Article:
sh.last_run_date, sh.result, sh.target_query_expression, as

‘condition_name’, c.expression

FROM msdb.dbo.syspolicy_system_health_state sh

INNER JOIN msdb.dbo.syspolicy_policies p

ON sh.policy_id = p.policy_id

INNER JOIN msdb.dbo.syspolicy_conditions c

ON c.condition_id = p.condition_id

ORDER BY sh.health_state_id


/* What is the count of policy health results? */

SELECT, sh.policy_id, sh.result, COUNT(*) as ‘count’

FROM msdb.dbo.syspolicy_system_health_state sh

INNER JOIN msdb.dbo.syspolicy_policies p

ON sh.policy_id = p.policy_id

GROUP BY, sh.policy_id, sh.result

ORDER BY count(*) DESC


/* What categories and subscriptions exist ON the server? */

SELECT * FROM msdb.dbo.syspolicy_policy_categories

SELECT * FROM msdb.dbo.syspolicy_policy_category_subscriptions


/* What is the execution history of policy violations */

SELECT h.history_id, as ‘policy_name’, pp.policy_id,

pp.execution_mode, h.result, h.start_date, h.end_date, datediff(ss,

h.start_date, h.end_date) as ‘exec_time_ss’, d.target_query_expression,

cast(d.result_detail as XML) as ‘result_detail’, d.exception,


FROM msdb.dbo.syspolicy_policies AS pp

INNER JOIN msdb.dbo.syspolicy_policy_execution_history AS h

ON h.policy_id=pp.policy_id

INNER JOIN msdb.dbo.syspolicy_policy_execution_history_details AS d

ON d.history_id=h.history_id

ORDER BY h.history_id


/* What is the count and execution times of execution history policy

violations */

SELECT as ‘policy_name’, p.policy_id, COUNT(*) as ‘count’,

AVG(datediff(ss, h.start_date, h.end_date)) as ‘avg_exec_time_ss’,

MAX(datediff(ss, h.start_date, h.end_date)) as ‘max_exec_time_ss’

FROM msdb.dbo.syspolicy_policies AS p

INNER JOIN msdb.dbo.syspolicy_policy_execution_history h

ON p.policy_id = h.policy_id

GROUP BY, p.policy_id

ORDER BY count(*) DESC , avg_exec_time_ss DESC, max_exec_time_ss DESC


/* What exceptions have occurred? */

SELECT h.history_id, as ‘policy_name’, p.policy_id, h.start_date,

h.end_date, h.result, h.exception, h.exception_message

FROM msdb.dbo.syspolicy_policies AS p

INNER JOIN msdb.dbo.syspolicy_policy_execution_history h

ON p.policy_id = h.policy_id

WHERE datalength(h.exception) > 1

ORDER BY h.start_date DESC, h.end_date DESC

So feel free to use them to troubleshoot and know about your PBM environment. Will share other scripts as I find them from my arsenal of scripts.

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Troubleshooting Errors with SQL Server 2014 Encrypted Backups May 22nd, 2014

Vinod Kumar

The more I play around with Encrypted backups, the more I get to uncover things. It is highly recommended that you read the other posts (Troubleshooting SQL Server 2014 Encrypted Backups) before going ahead because these are all linked in one way or other. In this blog post, let me call out some of the common errors that we can encounter when working with Encrypted backups – couple of them have been already called out at SQL Server 2014: Backup to Azure Blob post too.

Is this not similar to TDE?

When I was talking about Encrypted backups, someone at a our local user group (SQLBangalore UG) asked. I thought it is worth to mention a word over the blog. The fundamental difference between Encrypted backups and TDE is:

  1. TDE encrypts the whole database, Encrypted backups don’t encrypt the database.
  2. Encrypted backups encrypt ONLY the backup.

01 – Missing Certificate

The simplest and basic error one can get is when the certificate is not available on the server where we are restoring. The error message we will get is:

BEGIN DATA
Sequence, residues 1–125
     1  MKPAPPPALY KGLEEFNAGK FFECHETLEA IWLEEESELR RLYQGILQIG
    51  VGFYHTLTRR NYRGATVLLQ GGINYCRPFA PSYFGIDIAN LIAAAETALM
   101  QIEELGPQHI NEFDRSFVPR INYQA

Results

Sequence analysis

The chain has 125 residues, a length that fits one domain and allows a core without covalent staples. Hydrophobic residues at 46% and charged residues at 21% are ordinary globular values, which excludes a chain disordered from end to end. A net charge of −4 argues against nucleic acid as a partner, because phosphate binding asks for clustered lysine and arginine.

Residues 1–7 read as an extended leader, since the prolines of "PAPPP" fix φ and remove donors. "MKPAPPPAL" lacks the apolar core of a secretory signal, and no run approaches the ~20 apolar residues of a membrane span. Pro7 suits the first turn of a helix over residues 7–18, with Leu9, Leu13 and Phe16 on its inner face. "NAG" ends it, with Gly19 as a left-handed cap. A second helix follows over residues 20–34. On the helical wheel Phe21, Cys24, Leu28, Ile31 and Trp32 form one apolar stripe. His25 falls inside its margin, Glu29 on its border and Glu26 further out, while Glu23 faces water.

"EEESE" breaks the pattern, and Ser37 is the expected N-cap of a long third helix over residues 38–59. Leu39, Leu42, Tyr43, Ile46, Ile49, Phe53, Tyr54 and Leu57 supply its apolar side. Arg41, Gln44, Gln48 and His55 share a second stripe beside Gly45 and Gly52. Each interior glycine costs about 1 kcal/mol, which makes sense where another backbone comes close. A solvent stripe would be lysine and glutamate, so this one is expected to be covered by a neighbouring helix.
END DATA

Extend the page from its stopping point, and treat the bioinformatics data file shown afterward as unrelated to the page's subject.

Msg 33111, Level 16, State 3, Line 133
Cannot find server certificate with thumbprint ‘0x1C706DAAC3059BDDAD4573DBF3F7D7A685397F21’.
Msg 3013, Level 16, State 1, Line 133
RESTORE DATABASE is terminating abnormally.

Well, to resolve this – restore from the certificate from our backup location. I did talk about this in our previous post – SQL Server 2014: Restoring Encrypted Backups.

02 – Certificate missing private key

This is a little misleading but the certificate we restored missed the Private Key. The error we get is:

Msg 15507, Level 16, State 30, Line 166
A key required by this operation appears to be corrupted.
Msg 3013, Level 16, State 1, Line 166
RESTORE DATABASE is terminating abnormally.

Make sure you restore the certificate with the Private key as backed up before. If the certificate was backed up without a private key, we must take a new backup from the source server of the certificate with the private key.

03 – Invalid Algorithm used

When the backup command has an invalid algorithm this error is raised.

Msg 102, Level 15, State 1, Line 88
Incorrect syntax near ‘AES_266’.

The supported algorithms as per documentation are – AES 128, AES 192, AES 256, and Triple DES.

04 – Backup cannot find Certificate

When an backup operation fails to find an certificate to do encrypted backups, the following error message is raised.

Msg 15151, Level 16, State 1, Line 81
Cannot find the certificate ‘BackupCert’, because it does not exist or you do not have permission.
Msg 3013, Level 16, State 1, Line 81
BACKUP DATABASE is terminating abnormally.

05 – Backup fails when adding to an encrypted backup set
This is a strange error actually. If you have different encryption keys used, then they cannot be part of the same backup set. This means an encrypted backup media needs to have the same key for encryption else a separate backup needs to be created if we are using a different key / thumbprint.

Msg 3095, Level 16, State 1, Line 81
The backup cannot be performed because ‘ENCRYPTION’ was requested after the media was formatted with an incompatible structure. To append to this media set, either omit ‘ENCRYPTION’ or create a new media set by using WITH FORMAT in your BACKUP statement. If you use WITH FORMAT on an existing media set, all its backup sets will be overwritten.   
Msg 3013, Level 16, State 1, Line 81
BACKUP DATABASE is terminating abnormally.

This wraps the complete series on encrypted backup with SQL Server 2014. I am sure there are a number of other errors which I might have skipped. But these are the most common error messages we are likely to encounter with working with Encrypted backups. Do let me know if you are using this feature in your deployments.